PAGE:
Given what Piracy entails, are Good Aligned Pirates even possible?

Pirates take by force, and will sometimes need to carry out their threats.

Even a great film like Captain Blood had to dance around this issue by having all actual "piracy" offstage.

Aw, Fyre, you've been sipping from the James Jacobs Kool-Aid again, haven't you? ;->

I completely agree with Orfamay Quest's point: the proof is in the pudding, and your alignment will be reflected (and vice versa) by the choices you make. ;->

And just remember: pragmatic don't mean evil (or even neutral, necessarily). It means thinking like a successful hunting critter and/or businessperson. Pirate = Rogue on the water, and you've known some CG Rogues; heck, you proposed to one at the end of Curse of the Crimson Throne. ;->

LB da GM


I agree. Historically, many privateers became pirates when they "went too far." Besides, one nation's privateer is another's pirate.


A Chaotic Good pirate could easily "explain away" his piracy IMO. As stated above, a pirate is basically just a thief or a bandit on the water, and there are enough gold-hearted thieves/bandits, why not pirates?
The slavery thing is an especially good angle. Historically, many pirates were runaway slaves, and they lived by all the same rules and were given the same shares of loot as any white sailor. Most ships weren't ruled by their captain with an iron fist, and in fact many pirate captains were elected and gave their crews a voice in how things were run. During the Golden Age of Piracy, the deck of a pirate ship was arguably the most truly democratic place in the Americas. Some pirates would sell slaves they captured, of course, but others would free them and recruit them for their crews.
So play stuff like that up for a Chaotic Good pirate. A Chaotic Good pirate captain would do his best not to have any unnecessary casualties or killing, especially of noncombatants. He would refuse to take part in slavery, and would free any slaves he chanced upon (or more likely, specifically targeted) while out raiding, and if he was hoping to expand his crew/fleet he'd probably offer them to work under him, and would drop them off at the nearest port or wherever if they didn't want to, perhaps leaving them with some of his share of the plunder so they could build a life or find a way back home or whatever.
Play Robin Hood by robbing mostly from the rich (the fact the your crew's gonna spend most of the plunder once you get to port is as much "giving to the poor" as you need, really) who can take the sting; there's no shortage of them, especially with the Aspis Consortium operating close by. If you take someone captive who can be held for ransom, do so but treat them well and keep them comfortable while you negotiate things like a proper gentle(wo)man pirate. Give captured crewmen the opportunity to join up or just get directions to the nearest port on their ship (after stripping it of its weapons, of course).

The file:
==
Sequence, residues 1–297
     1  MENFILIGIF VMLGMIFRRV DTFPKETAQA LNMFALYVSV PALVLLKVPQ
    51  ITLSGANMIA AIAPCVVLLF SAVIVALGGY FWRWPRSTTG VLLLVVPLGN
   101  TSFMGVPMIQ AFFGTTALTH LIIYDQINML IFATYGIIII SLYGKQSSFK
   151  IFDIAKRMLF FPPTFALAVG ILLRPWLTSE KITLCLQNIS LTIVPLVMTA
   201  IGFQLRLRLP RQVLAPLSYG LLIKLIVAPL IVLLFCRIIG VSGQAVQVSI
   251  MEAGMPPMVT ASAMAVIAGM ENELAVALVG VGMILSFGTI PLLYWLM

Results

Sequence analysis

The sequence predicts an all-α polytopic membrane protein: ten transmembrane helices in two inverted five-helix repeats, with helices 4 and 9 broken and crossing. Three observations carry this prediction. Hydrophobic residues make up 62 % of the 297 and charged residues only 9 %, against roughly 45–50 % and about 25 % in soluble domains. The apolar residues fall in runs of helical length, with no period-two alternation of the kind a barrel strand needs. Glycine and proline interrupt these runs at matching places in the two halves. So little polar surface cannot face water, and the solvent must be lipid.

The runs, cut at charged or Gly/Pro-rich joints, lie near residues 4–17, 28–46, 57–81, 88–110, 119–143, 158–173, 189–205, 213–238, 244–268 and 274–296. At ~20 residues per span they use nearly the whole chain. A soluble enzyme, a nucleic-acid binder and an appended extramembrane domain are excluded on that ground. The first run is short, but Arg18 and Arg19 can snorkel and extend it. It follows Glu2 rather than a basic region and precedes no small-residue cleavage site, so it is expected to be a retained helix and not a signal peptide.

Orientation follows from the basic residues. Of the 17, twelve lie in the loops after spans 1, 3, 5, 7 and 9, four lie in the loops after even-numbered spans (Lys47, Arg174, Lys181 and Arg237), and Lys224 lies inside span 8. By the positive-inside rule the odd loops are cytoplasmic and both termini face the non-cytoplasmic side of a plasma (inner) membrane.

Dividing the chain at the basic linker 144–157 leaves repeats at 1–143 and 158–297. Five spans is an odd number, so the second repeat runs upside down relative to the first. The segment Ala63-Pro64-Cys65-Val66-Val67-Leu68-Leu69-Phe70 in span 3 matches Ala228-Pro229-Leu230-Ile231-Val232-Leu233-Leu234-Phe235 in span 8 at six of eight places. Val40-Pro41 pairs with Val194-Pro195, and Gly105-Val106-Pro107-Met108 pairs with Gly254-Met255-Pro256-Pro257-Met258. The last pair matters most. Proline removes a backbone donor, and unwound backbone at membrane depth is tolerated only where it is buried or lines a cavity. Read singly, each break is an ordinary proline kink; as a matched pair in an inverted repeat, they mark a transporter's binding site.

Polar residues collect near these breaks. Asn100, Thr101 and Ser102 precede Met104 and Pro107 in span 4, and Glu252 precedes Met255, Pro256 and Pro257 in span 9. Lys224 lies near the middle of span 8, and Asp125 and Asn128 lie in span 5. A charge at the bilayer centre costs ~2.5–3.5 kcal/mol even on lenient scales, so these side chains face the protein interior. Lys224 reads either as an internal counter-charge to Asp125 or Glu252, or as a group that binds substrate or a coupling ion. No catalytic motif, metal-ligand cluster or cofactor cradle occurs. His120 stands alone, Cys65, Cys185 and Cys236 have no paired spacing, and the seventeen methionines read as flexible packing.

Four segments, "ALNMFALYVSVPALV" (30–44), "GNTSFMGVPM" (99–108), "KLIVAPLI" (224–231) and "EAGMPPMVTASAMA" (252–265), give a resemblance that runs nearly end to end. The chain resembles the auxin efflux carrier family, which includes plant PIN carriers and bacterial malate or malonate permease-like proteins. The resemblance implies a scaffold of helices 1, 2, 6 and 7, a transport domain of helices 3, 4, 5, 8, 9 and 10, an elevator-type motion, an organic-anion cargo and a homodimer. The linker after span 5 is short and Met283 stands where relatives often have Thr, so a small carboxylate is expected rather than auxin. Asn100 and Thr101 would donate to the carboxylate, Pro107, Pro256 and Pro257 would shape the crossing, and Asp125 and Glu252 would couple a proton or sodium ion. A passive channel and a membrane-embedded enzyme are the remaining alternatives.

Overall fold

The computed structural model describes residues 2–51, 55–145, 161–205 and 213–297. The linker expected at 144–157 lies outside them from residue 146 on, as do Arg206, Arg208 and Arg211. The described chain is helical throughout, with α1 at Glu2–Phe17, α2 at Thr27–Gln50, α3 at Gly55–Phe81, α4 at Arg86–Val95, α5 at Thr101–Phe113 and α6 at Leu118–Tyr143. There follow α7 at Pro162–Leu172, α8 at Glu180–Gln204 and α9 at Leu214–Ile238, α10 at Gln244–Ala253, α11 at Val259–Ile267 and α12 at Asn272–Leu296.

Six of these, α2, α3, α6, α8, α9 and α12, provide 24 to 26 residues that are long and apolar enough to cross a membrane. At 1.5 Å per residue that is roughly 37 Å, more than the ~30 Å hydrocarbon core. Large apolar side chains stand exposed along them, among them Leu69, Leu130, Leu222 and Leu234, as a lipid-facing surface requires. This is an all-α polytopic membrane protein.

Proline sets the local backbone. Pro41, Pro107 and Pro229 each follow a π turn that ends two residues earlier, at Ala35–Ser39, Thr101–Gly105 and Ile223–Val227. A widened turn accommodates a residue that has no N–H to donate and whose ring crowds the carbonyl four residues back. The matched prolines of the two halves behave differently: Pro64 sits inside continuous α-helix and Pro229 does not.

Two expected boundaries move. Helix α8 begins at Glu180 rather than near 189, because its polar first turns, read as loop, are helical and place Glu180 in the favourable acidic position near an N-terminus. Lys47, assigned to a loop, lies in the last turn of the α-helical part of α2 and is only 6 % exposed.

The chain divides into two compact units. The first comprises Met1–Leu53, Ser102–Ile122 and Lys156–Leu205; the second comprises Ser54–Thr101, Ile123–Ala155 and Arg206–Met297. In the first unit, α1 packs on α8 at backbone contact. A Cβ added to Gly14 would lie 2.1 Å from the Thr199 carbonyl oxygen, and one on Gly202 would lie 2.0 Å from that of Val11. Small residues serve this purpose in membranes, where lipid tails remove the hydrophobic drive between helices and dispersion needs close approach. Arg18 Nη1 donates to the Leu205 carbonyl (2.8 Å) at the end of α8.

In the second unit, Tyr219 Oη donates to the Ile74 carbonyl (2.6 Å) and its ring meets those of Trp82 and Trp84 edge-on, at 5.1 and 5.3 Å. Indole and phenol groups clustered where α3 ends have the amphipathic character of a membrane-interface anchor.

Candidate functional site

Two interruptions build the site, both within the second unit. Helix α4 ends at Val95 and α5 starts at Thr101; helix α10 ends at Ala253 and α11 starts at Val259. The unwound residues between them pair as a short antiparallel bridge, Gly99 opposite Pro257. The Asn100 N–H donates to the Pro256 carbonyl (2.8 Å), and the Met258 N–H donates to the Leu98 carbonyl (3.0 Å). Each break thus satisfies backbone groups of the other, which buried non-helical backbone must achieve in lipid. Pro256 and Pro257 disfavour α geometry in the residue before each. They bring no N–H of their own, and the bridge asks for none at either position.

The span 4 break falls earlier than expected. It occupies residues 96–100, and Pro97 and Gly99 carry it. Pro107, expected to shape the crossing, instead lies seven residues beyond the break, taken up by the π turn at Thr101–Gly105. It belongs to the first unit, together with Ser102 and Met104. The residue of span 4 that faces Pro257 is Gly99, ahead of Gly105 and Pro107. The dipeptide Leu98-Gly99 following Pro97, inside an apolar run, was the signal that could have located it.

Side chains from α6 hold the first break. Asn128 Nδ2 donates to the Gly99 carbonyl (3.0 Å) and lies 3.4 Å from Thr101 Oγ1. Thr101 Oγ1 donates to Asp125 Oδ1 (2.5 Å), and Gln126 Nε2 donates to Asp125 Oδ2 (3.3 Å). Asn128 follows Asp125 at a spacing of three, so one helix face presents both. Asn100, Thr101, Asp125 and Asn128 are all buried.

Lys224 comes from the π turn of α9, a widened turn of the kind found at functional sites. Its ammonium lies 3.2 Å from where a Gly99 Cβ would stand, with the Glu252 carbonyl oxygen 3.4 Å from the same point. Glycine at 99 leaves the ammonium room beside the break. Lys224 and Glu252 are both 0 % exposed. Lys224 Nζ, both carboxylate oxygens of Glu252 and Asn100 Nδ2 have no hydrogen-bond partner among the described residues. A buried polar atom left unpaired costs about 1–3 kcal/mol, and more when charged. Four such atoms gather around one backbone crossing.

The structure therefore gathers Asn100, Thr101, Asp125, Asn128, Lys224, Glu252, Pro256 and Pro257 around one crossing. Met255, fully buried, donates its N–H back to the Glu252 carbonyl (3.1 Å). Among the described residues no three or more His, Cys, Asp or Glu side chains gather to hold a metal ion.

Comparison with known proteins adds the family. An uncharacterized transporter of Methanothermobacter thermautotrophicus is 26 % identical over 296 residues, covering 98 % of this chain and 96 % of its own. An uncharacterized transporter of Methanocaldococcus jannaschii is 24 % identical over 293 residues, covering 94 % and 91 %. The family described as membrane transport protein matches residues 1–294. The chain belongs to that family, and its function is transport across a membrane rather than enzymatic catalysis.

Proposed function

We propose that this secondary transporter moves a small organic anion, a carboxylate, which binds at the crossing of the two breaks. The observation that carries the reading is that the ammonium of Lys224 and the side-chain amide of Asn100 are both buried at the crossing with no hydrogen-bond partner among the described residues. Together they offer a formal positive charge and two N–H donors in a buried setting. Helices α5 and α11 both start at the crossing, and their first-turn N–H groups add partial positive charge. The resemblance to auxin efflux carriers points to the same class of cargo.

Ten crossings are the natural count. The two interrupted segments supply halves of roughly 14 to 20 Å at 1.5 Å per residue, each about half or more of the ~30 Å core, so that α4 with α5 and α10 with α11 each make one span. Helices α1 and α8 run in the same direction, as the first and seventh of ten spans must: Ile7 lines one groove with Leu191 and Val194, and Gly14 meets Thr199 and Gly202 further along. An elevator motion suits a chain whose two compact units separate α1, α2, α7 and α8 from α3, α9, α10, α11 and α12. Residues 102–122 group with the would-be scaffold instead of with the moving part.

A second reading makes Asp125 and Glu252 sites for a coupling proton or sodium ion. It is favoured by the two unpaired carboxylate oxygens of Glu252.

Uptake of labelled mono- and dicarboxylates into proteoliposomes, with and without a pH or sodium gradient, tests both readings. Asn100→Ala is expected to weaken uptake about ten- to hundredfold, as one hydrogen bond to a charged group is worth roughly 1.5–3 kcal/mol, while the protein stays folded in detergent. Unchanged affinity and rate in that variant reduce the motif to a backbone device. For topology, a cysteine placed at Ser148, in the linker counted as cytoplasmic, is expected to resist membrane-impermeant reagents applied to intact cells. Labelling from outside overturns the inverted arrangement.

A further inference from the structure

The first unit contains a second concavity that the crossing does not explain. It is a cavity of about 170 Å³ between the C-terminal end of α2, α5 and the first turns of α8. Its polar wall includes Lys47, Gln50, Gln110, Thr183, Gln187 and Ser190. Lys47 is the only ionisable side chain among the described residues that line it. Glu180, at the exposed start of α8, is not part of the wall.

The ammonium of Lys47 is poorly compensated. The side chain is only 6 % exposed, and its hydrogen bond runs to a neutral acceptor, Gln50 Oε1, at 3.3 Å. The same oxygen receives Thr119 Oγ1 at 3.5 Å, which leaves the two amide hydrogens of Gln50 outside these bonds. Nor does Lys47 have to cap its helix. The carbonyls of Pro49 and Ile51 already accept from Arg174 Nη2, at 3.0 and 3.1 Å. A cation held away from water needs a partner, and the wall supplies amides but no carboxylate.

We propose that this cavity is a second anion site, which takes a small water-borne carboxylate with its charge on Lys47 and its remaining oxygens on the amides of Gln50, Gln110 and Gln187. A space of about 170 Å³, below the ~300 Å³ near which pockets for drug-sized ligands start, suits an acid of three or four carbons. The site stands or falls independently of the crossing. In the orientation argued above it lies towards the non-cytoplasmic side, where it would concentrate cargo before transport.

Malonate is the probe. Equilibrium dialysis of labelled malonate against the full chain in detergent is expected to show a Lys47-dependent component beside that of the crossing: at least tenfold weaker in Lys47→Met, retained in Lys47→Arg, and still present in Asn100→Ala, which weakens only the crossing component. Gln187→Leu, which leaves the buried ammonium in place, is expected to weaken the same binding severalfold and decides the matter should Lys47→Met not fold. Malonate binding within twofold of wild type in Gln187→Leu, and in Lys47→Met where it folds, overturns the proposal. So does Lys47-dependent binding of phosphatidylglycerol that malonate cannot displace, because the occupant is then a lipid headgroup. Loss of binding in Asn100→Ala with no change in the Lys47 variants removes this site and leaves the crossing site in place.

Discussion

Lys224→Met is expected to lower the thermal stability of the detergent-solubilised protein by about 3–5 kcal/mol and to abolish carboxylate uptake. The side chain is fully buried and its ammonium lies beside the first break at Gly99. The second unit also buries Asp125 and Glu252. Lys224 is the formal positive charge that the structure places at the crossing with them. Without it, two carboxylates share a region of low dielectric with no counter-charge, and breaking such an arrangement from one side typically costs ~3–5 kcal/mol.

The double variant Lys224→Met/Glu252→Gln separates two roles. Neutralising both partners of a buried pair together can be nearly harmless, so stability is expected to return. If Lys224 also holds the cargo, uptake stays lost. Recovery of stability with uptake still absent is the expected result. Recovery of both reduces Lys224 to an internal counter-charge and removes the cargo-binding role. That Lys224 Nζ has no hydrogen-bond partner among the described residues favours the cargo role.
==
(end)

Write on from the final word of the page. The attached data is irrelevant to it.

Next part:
If a Chaotic Good pirate can convince himself his lifestyle, which provides him with more wealth and freedom than most people can ever hope for, also does more good than harm, then why not, right? Chaotic Good is pretty much designed to play the lovable rogue angle.
Lawful and Neutral Good are much harder to swing, and would probably only be possible if you're playing patriotic privateer.


Remember that there are other threats around The Shackles that a Good-aligned crew can defend against. Defending the common fisherman from the threats posed by the sea is a good (and possibly profitable) way to be good-aligned.

The pirates of Mediogalti are notorious for preying upon the inhabitants of The Shackles and so Chaotic Good pirates taking up arms to defend against Chaotic Evil pirates are a way to go.

And let's not forget those red-clad Lawful Evil worshipers of Achaekek as well. Sniffing out (and killing) Red Mantis assassins is a dangerous but good way to go.

Then there's the undead crawling from underneath the sea, evil relics lost to time from the ancient Cyclops empire, the savage Sahuagin, Aboleths, whatever abominations come out of the Eye of Abednego...

At the end of the day, the PCs are a crew of mercenaries with a ship, weapons and an attitude of "Yeah, for the right price, we can take care of that problem for you." How good or how bad they want to be is up to them.


My group chose to go this route as well. We have strict but fair rules for conduct while committing piracy: no fighting or killing unless necessary, accept an honorable surrender (once), no slavery, no raping and such. We wanted to build a good reputation to make the job easier and also to get support from the locals, as well as less resistance. We're happy to recruit from ships we defeat, or let them go if the sailors are not suitable for our "kinder, gentler" form of piracy.

What it comes down to is we don't enjoy playing the nasty, odious kind of pirate that is probably more typical of the reality.

Andrew <:-{}